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Vast banks of medical data are slowly being digitized, allowing A.I. to address the growing demand for pathologists

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If you became concerned about a mole on your back — perhaps it had become painful or looked unsightly — your doctor might decide to remove it and have it evaluated. She’d send it to a pathology lab, where a sample of the tissue would be prepared in the form of a slide. It would then be sent to a pathologist, who would examine the slide to determine whether the tissue had any problematic elements, like cancer. After taking a look, the pathologist might ship it to a specialist at another lab for a second opinion. Each time the slide…

Some families with genetic diseases are finding hope in the controversial technology

Credit: Marcos Silva/iStock/Getty Images Plus

In November 2018, a Rubicon was crossed in biomedical science. Chinese researcher He Jiankui announced he had created the first “CRISPR babies” — infants whose genomes were edited before they were born. The outcry was swift and scathing. Scientists condemned the experiments as unethical, unsafe, and perhaps worst of all, unnecessary. On Monday, it was announced that a Chinese government investigation determined He “seriously violated” state laws, and that he would likely face criminal charges.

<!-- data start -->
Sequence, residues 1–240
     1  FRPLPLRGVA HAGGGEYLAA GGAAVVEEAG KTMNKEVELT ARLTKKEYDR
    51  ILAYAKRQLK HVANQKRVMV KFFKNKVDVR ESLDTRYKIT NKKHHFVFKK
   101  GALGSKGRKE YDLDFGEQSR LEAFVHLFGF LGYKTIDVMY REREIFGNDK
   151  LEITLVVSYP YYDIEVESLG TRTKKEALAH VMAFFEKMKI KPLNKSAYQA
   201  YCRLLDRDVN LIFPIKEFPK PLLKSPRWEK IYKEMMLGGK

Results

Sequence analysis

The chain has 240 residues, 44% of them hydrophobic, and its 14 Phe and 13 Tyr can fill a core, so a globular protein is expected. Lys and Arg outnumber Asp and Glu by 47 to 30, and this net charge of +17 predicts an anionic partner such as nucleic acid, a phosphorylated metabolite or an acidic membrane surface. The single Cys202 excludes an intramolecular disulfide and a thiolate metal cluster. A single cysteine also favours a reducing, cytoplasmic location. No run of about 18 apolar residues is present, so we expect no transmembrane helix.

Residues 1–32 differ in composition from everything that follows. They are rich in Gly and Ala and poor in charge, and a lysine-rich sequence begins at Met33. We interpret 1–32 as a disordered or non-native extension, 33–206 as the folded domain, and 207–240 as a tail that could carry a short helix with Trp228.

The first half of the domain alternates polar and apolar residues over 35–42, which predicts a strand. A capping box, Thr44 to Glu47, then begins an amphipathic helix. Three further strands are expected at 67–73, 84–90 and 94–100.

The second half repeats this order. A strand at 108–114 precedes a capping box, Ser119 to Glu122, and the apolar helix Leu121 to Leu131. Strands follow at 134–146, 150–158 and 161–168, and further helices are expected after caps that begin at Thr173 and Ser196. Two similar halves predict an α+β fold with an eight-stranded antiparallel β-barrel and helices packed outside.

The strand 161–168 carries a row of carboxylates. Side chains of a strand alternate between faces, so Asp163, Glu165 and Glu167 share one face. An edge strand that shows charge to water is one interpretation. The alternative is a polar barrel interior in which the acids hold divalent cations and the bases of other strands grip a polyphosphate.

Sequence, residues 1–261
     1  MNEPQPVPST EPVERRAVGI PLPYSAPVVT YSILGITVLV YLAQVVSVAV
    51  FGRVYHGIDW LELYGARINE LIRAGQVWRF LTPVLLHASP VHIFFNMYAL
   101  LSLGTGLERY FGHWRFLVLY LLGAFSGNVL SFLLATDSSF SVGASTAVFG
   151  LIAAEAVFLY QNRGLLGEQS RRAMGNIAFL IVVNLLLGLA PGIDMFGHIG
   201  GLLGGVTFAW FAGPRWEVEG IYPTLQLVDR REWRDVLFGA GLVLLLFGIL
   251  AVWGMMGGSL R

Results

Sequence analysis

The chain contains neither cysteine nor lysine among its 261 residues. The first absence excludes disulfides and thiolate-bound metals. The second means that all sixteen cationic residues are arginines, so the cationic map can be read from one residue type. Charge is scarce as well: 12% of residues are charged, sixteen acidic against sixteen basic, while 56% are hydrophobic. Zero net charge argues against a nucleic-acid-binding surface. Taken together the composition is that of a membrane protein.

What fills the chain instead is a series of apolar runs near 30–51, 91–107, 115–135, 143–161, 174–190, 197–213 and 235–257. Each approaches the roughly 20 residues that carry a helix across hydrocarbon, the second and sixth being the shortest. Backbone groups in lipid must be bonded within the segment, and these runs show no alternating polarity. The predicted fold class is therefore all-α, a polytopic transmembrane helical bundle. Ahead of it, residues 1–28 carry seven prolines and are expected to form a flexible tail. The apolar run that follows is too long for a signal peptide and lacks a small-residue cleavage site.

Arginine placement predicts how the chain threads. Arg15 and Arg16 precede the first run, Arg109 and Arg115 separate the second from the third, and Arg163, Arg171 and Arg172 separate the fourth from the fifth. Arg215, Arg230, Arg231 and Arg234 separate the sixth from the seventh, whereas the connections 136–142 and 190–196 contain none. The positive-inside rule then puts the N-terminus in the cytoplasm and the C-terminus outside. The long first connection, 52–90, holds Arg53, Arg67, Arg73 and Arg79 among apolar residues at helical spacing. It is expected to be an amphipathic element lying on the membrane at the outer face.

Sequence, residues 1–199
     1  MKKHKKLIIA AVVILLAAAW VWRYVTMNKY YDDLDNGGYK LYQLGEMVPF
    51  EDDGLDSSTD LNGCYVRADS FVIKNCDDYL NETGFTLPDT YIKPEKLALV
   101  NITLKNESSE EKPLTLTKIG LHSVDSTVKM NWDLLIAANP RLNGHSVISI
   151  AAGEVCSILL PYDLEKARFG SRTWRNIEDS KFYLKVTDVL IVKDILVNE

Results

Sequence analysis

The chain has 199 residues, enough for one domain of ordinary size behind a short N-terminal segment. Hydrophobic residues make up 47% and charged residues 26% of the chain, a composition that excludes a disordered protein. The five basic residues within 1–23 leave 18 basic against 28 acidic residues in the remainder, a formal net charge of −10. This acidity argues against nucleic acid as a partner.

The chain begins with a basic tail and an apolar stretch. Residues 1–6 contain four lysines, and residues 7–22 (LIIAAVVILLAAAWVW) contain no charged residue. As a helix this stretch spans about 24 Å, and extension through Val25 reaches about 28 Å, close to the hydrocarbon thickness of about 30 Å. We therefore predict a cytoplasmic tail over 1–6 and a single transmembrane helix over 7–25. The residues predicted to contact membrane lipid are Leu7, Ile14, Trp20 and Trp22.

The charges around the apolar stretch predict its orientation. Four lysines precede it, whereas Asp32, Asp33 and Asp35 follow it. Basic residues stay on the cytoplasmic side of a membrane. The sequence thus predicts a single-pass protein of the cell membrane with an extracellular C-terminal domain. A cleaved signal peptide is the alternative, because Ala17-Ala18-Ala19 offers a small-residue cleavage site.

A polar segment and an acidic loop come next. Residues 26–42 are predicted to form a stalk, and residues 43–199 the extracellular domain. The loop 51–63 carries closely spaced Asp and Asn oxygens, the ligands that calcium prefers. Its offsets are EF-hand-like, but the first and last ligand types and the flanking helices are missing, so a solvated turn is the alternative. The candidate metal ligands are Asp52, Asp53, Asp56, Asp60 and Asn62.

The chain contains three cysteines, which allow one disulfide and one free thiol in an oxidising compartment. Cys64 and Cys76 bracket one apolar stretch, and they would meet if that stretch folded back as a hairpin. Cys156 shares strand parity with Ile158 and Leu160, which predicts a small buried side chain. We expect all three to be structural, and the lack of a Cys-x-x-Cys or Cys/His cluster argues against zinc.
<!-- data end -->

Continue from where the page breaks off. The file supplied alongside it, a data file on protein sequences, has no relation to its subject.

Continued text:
But for some families with severe genetic disorders, the experiment offered something else: hope.

The gene-editing technology CRISPR emerged in 2013 as a sort of…

“If we can make [insulin] in our janky lab on a $10,000 a year budget, there’s no way it should cost this much,” says Thornton Thompson. Photography: Alex Welsh

Diabetes is a punishingly expensive disease. In an Oakland warehouse, scientists are going DIY.

David Anderson pipettes yeast under a laboratory fume hood that’s surrounded by graffiti. From a beaker, he extracts a tiny amount of the microscopic fungus and transfers it to a test tube, which he then spins in a centrifuge to separate the proteins from the rest of the broth. The next day, he will inject the protein mix into an electrically charged gel, and if all goes well, the smallest protein will wiggle to the front, identifying itself as insulin.

Anderson is not a biochemist; he didn’t even major in science in college. He is part of the Open Insulin…


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